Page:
Netflix’s ‘Adú’ is a unique Spanish film that not only challenges the expectations of international audiences with its portrayal of didactic subject matter but also allows you to take a closer look at the culture and the struggles of people living in Africa. With its portrayal of three different narratives, the movie echoes of all the issues that are pertinent in African society even to this day.
The first narrative recites the tale of two siblings who attempt to escape their home country by somehow fitting themselves in the hold of an aircraft that’s flying to Europe. Its second story is about the difficulties faced by an environmental activist who finds several dead elephants only killed for their ivory tusks. The last narrative unfolds near the 20 feet fence that separates Ceuta and Melilla. Thousands of illegal migrants attempt to cross these and it comes down to guards of these fences to stop as many people as they can.
One look at the movie’s storyline and you can tell that it was shot in an array of sweeping African landscapes that are replete of thrilling wildlife and local tribal cultures. So if you’ve already watched the movie and you’re curious to know about all the locations that can be seen in its backdrop, here’s everything you need to know.
Adú Filming Locations
As mentioned above, ‘Adú’ unfolds its premise through three parallel stories. The first one where two siblings attempt to escape Africa is set in Ceuta. The events of the second story take place in the depths of African forests where a reformer discovers tuskless, dead elephants, while he struggles to deal with the problems of his daughter who has just arrived from Spain. The final one, of course, takes place at the border Ceuta and Melilla which is separated by a tall fence. For the most part, the creators of the film have stayed very loyal to the setup of their film. Thus, its filming was primarily carried out in Spain and Africa.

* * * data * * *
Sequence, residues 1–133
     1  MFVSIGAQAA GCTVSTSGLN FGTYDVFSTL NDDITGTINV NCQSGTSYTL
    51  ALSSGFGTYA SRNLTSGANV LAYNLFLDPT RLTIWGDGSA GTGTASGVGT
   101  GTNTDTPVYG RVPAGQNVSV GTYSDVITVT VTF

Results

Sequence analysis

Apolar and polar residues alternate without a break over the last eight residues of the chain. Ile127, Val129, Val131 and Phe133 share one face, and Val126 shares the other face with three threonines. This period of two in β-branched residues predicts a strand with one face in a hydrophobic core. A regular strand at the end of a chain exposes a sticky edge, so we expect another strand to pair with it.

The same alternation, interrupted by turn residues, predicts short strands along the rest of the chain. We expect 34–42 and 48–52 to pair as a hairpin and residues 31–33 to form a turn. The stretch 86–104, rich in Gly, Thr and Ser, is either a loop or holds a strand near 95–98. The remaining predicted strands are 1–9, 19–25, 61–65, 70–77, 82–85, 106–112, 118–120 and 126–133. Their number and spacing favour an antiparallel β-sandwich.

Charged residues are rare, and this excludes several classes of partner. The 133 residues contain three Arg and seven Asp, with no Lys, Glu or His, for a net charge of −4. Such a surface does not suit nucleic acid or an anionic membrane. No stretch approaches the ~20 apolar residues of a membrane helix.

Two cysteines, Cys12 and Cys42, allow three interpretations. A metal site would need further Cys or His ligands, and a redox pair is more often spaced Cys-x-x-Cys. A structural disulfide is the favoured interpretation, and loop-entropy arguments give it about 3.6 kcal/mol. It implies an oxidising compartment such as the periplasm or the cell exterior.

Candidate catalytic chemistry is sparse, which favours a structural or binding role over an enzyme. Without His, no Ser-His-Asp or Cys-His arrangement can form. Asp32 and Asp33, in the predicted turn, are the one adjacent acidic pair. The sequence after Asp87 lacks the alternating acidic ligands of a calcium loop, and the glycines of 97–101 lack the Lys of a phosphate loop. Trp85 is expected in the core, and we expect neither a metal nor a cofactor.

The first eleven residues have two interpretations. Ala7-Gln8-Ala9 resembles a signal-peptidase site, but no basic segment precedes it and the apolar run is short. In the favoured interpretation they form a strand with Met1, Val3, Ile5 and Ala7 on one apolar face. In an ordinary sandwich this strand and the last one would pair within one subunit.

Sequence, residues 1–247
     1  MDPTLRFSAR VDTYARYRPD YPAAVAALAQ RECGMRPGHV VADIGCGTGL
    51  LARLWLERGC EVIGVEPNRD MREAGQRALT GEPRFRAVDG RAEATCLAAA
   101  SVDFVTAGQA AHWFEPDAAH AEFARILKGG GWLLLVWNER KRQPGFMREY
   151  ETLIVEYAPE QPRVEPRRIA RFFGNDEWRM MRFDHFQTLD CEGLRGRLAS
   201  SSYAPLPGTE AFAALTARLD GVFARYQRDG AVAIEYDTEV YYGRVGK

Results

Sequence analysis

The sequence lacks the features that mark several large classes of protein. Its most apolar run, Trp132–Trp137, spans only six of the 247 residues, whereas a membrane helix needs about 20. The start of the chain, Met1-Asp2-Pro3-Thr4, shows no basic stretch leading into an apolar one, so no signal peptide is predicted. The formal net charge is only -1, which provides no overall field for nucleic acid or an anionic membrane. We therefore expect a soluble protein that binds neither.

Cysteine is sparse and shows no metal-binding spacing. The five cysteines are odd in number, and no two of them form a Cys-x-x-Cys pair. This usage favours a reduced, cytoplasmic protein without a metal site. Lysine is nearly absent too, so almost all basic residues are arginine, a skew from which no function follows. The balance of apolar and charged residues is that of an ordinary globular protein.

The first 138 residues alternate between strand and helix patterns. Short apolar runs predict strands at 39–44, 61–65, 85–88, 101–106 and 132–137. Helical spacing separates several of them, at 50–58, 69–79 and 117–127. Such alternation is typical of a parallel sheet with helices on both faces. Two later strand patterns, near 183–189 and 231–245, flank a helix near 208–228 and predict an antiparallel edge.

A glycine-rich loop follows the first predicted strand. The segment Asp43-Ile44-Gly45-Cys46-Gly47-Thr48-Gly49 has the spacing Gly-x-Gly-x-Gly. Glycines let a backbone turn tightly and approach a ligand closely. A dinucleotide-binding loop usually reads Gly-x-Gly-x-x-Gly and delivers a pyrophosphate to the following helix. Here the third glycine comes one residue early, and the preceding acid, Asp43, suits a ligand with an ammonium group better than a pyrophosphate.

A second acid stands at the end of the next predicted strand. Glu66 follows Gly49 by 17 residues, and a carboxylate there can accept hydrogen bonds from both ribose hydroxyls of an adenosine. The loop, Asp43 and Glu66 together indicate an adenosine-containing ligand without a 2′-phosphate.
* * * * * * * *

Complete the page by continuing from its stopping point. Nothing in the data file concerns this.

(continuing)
In Spain, the movie was shot in several filming locations such as Cartagena, La Manga del Mar Menor, and Mazarrón in Murcia; Madrid; and Melilla. However, since the movie is inspired by the lives of those who are struggling to survive in the African continent, most of its action ensues in Africa itself. The different Spanish locations that are featured throughout its runtime are mostly seen as the backdrop to the border that separates Africa from them.
In Africa, almost the entire movie was filmed in the wild safaris and endless desserts of Benin. ‘Adú’ happens to be the first international feature film to be shot in the West African country. For obvious reasons, because of the intense weather conditions and lack of proper facilities, filming in Africa was quite challenging for the filmmakers of ‘Adú’ and it took them about four weeks to complete the movie’s shooting. The movie’s storyline begins in Cameroon and eventually ends in Spain. Since the movie walks you through so many different places and topographies, its filmmakers had to carefully choose a location that captures all the different levels of landscapes in the African regions. Thus, Benin proved to be the perfect location since it comprises everything from the African jungle to sub-Saharan desserts, and even the sea. The cast and crew of the film posted several stills from the movie’s sets in Africa. You can check them out below:
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IMDB Juanjo Sanchez.SOC Member. A Camera and Steadicam operator on "Adú" directed by @salvador_calvo_ picture by @instaborch #adúlapelícula #societyofcameraoperators #cameraman #cameraoperator #cameracrew#steadicam #steadicamoperator #betztools #gpipro #filmmaker #behindthescenes#africa#benin#ikirufilms
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My new assistant.IMDB Juanjo Sanchez.SOC Member. A Camera and steadicam operator on "Adú" directed by @salvador_calvo_ #adúlapelicula #cameraman #cameraoperator #cameracrew#societyofcameraoperators #betztools #gpipro #behindthescenes #filmmaker #steadicamoperator #steadicam#africa#benin#ikirufilms
Here’s an entire video that gives you a detailed behind-the-scenes look at the movie’s sets in Africa:
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